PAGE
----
Maldita.es and Chequeado, the first fact-checking organization in the Global South based in Argentina, launch Factchequeado, a digital verification media that seeks to build a community of Hispanics and Latinos to counter disinformation in Spanish in the United States.
This collaborative initiative promotes alliances with Spanish and English-language media - large and small - and fact-checking organizations to encourage listening to the various communities and the circulation of verified content in Spanish.
The collaboration led by Factchequeado already has nine allies in six states throughout the United States: Conexión Migrante, Documented, Univision's ElDetector, Enlace Latino NC, Factcheck.org, La Esquina, MediaWise, Politifact and Telemundo's T-Verifies.
What is Factchequeado?
Factchequeado is a hub based in the United States which seeks to promote fact-checking and combat disinformation in Spanish in the United States through journalistic and educational initiatives.
Designed as a collaborative initiative, Factchqueado will create partnerships with Spanish and English-language media and fact-checking organizations across the country, both large and small. Overall, the main goals of the project are to encourage media organizations to listen to diverse communities and promote the circulation of verified content in Spanish.
Why is this project so important?
Both organizations are known for the innovative ways in which they engage their audiences, create proactive communities, develop civic technology, and foster collaboration among journalists. In 2021, Maldita.es and Chequeado joined forces to use their fact-checking expertise to fill the information gap that has particularly impacted Spanish speakers in the U.S. during the pandemic. Due to a lack of verified news in their dominant language, Spanish-speaking communities in the U.S. are especially vulnerable to mis- and disinformation. Currently, there are approximately 60 million Hispanics and Latinos living in the U.S. By 2030, this group will represent more than 20% of the country's population.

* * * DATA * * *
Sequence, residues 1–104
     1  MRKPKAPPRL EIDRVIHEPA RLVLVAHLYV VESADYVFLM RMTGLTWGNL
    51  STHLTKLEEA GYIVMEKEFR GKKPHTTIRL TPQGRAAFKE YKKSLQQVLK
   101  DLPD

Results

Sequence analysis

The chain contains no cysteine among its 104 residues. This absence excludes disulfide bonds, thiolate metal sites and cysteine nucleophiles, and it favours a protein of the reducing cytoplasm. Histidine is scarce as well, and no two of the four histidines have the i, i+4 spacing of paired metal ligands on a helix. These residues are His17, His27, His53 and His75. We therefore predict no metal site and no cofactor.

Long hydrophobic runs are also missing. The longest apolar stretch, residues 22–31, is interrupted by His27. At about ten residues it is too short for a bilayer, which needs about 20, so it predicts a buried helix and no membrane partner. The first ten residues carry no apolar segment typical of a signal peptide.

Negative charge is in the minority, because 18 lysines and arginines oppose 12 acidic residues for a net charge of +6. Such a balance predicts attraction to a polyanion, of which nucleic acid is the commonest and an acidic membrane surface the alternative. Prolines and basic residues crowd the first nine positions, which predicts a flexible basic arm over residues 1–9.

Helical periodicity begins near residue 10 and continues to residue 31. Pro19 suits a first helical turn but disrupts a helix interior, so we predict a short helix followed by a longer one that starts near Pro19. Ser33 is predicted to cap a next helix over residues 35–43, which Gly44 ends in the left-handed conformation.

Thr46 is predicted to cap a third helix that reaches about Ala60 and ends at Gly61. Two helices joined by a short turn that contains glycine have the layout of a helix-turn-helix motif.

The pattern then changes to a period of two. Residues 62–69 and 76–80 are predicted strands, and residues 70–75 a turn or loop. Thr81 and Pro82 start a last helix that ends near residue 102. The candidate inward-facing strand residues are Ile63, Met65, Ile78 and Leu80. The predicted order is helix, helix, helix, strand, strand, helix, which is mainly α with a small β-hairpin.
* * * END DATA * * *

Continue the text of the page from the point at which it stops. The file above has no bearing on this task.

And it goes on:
A 2020 Pew Research Center study shows that, even though these communities identify themselves in different ways, the Spanish language is a central characteristic for all of them, more so than having Latino parents or heritage, or socializing with other members of their particular Latino community.
"We’re partnering with Spanish and English-language media organizations of interest to the Hispanic and Latino community throughout the United States. With this approach, we’re aware that this community is not a monolith, that it is diverse, multigenerational. This population is often bilingual and speaks with many accents, sometimes even in indigenous languages. Above all, this community does not have access to verified information in its preferred language. In the U.S., there are few fact-checking initiatives available in Spanish and there aren’t clear policies to counteract the disinformation that circulates. That’s where Factchequeado comes in, to build a fact-checking network, strengthening partner organizations through both content and community," said Natalia Guerrero, managing editor of Factchequeado.
Laura Zommer, the executive and journalism director at Chequeado, who is also a cofounder of Factchequeado, said: "We believe that journalism is a public service and that today, it’s either collaborative, or it isn’t. Due to the lack of verified Spanish-language news in the U.S., Factchequeado will help unify fact-checking efforts happening around the country. This project will also allow our partners and us to better understand how disinformation in Spanish circulates, as well as listen to and work with Latino communities so they can recognize whether the content they receive and share is true or false," she said.
According to Clara Jiménez Cruz, who is the CEO and cofounder of Maldita.es, as well as a cofounder of Factchequeado, "over the years, Chequeado and Maldita.es have invested many resources and countless hours into understanding our communities, finding innovative formats and tools to better reach Spanish-speaking audiences. Factchequeado is built on those experiences, we have learned what doesn’t work, as well as what does, in both Spain and Latin America. Coming into this project, we believe we are in a good starting place to know what can work for U.S. Latino and Hispanic communities as well."
In addition to producing fact-checked content and explainers, Factchequeado will be a space to provide training on fact-checking to U.S. journalists, with a focus on bilingual Spanish/English reporters. It will also be a space for participating newsrooms to experiment with new formats for information and new technology that will help them more effectively disprove untruthful content that impacts Latinos and Spanish speakers. The content, research, and lessons learned from Factchequeado and its partners will also make up a database for academics interested in investigating disinformation in Spanish in the United States. The first phase of Factchequeado is supported by the Google News Initiative.
If you want to know more about this project, become an ally, or even a funder, you can contact us at [email protected].